The Tainos believed that the forest was inhabited by spirits called opías. Opías were the spirits of the dead, and one could identify opías because they lacked navels. They were supposed to come out of the forest at night and feast on guayaba fruit. In fact, it is tropical bats who eat guayaba fruit at night which led the Tainos to associate opías with bats. Opías, as spirits of the dead, are also associated with the deities who ruled the world of the dead. According to Ramón Paní, the Jeronymite friar who was sent by Columbus to study the native mythology, “They say a certain cemí, Opiyelguobirán, had four feet like a dog and is [made] of wood, and often he comes out of the house at night and enters the forests. They go there to seek him and bring him back to the house. They bind him with cords, but he returns to the forests.”
José Juan Arrom suggested that this spirit who constantly sought the woods, where the the opías or spirits of the dead dwelt, served as the daylight guardian. Greek mythology assigned a similar role to Cherberus, the three-headed dog who stood at the river crossing that marked the entrance into the realm of Pluto. In line with Arrom’s conclusions, Antonio Stevens-Arroyo identifies Opiyelguobirán as one of the twins who assist Maquetaurie Guayaba. Maquetaurie Guayaba was the Lord of the Dead, Master of Sweetness and Delight, symbol of the guayaba berry (whose juice produced a black body paint which symbolized death), Lord of Coaybay (“the house and home of the dead”); he was represented by bat symbols.
Opiyelguobirán as Guardian of the Dead and Master of Privacy and Felicity, was the twin of Corocote, Guardian of Sexual Delight, Romance, and Spontaneity, he was a picaresque spirit. However, this is only one of the ways that Opiyelguobirán was represented. As Henry Petitjean Roget points out, “Zemis (or cemíes) are not specific representations but symbolic entities…like many symbols, [they] cannot be reduced to a single interpretation.” Petitjean Roget associates Opiyelguobirán with the discovery of the first wild bee honey. As such, he is a metaphor for the power of the cacique (chief).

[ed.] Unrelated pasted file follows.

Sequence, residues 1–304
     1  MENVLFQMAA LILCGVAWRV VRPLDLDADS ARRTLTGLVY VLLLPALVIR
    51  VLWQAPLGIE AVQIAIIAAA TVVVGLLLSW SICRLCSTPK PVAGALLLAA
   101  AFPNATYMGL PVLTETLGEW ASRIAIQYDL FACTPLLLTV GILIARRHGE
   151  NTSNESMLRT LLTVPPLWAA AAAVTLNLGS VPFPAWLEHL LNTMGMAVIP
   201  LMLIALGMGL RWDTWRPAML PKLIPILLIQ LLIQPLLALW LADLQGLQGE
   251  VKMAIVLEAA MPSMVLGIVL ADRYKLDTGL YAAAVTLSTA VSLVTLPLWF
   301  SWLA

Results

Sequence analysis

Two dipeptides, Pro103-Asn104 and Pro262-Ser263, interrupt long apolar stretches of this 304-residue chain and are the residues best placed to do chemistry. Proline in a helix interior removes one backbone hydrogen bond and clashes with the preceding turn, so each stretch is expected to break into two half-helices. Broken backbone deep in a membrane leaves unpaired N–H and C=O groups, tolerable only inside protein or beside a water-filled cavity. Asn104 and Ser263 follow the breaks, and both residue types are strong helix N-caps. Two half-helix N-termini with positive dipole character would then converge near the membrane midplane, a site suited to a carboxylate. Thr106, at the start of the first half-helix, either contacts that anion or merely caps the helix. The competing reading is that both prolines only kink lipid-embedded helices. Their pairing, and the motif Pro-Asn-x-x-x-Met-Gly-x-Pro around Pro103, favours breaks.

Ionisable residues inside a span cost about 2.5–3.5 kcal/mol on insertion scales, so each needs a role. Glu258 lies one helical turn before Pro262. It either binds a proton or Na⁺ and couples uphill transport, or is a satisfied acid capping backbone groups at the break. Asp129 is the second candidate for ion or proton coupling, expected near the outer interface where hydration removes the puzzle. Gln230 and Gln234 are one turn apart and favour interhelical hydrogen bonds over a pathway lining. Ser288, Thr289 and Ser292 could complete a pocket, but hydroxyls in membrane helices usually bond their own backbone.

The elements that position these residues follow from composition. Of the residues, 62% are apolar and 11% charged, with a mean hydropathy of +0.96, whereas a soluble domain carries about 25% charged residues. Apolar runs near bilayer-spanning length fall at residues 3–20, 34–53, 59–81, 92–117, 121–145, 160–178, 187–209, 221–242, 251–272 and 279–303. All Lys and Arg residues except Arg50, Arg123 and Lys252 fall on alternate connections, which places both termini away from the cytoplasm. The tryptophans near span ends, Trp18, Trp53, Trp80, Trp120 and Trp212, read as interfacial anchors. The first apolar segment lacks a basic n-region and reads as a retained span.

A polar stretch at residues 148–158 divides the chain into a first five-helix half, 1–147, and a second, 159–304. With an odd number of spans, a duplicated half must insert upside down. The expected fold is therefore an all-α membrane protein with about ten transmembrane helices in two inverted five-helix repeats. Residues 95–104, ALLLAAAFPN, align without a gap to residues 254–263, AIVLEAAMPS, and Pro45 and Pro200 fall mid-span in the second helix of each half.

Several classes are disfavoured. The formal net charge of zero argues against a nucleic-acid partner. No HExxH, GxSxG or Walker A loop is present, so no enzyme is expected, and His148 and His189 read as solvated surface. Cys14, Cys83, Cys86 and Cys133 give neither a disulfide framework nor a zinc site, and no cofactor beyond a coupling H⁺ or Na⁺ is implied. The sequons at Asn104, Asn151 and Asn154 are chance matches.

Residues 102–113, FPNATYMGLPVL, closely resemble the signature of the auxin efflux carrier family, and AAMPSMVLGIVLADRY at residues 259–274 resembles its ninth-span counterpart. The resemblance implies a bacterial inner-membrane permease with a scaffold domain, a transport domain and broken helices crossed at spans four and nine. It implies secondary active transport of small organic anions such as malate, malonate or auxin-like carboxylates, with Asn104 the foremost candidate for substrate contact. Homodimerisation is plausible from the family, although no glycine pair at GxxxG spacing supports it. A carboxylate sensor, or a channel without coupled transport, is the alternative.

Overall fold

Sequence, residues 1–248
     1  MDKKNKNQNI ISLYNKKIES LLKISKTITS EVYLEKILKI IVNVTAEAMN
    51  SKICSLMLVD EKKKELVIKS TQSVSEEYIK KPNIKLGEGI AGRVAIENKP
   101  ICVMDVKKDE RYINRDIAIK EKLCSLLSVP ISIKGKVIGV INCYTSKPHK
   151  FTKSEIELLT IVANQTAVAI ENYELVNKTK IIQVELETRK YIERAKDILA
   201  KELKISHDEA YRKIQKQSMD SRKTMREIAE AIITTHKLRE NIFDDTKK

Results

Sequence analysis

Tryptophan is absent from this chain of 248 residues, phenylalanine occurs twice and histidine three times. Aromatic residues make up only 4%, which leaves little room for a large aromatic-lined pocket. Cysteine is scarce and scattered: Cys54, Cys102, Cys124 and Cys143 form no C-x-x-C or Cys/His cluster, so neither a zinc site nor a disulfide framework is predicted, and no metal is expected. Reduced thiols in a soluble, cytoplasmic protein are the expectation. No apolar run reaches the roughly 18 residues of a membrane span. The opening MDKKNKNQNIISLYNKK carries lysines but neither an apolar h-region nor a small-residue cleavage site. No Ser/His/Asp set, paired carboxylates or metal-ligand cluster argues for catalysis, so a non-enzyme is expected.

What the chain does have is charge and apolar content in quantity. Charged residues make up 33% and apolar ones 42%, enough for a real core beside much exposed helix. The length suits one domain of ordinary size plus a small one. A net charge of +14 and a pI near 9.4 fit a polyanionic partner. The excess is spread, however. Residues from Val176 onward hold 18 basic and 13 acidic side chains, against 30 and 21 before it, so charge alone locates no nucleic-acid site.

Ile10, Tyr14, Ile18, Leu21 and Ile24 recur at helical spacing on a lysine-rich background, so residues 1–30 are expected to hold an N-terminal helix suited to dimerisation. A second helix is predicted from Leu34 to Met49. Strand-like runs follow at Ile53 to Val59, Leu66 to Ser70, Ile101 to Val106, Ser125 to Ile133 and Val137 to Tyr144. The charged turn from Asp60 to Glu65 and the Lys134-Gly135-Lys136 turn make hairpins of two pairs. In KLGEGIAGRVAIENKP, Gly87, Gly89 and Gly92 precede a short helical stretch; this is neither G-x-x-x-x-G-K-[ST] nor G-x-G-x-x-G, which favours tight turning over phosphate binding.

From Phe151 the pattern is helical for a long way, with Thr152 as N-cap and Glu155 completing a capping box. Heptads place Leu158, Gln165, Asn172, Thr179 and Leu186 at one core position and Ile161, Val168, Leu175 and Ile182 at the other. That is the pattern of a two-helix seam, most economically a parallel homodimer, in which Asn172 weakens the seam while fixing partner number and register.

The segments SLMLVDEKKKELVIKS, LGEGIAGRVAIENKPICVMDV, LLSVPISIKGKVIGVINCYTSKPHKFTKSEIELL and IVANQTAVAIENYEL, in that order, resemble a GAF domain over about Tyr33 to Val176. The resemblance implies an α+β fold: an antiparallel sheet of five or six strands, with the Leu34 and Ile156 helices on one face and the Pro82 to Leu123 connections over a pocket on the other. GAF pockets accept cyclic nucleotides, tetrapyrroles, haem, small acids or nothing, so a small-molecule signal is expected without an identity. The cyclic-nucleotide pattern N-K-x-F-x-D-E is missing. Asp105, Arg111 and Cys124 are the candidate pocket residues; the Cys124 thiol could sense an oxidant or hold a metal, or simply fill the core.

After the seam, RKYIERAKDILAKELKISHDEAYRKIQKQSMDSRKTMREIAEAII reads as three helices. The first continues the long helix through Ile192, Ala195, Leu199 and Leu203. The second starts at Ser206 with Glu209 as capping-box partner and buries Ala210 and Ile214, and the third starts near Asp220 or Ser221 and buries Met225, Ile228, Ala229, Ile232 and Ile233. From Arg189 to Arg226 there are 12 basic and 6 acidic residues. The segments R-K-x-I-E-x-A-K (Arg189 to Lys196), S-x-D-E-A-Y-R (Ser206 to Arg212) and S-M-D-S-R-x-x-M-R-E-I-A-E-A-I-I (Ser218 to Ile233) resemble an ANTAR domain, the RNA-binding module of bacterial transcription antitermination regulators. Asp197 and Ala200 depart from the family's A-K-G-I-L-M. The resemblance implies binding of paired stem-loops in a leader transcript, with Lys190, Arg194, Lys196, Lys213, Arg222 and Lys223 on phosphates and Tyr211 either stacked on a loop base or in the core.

Various beliefs in supernatural spirits were brought to the West Indies from Africa by enslaved peoples. It is likely that these beliefs also were influenced in the 16th century by the last remaining native peoples One of the modern words for spirits of the dead in the West Indies — Obeah — may originally have come from the Taino name (see Zombi for another example).
In 1936, Anthropologist Zora Neale Hurston received a Guggenheim Fellowship to study Obeah in the West Indies. She lived in Jamaica from April to September and attended numerous local ceremonies. Jamaicans believe that “duppies” (spirits of the dead) live mostly in silk cotton trees and almond trees. For that reason neither tree should be planted too close to the house because the duppies who live in them will “throw heat” on the people as they come and go. Duppies are responsible for various kinds of mischief and can hurt a living person such that medicinal cures (including “balm baths”) must be sought from local healers who serve as both “doctor and priest.”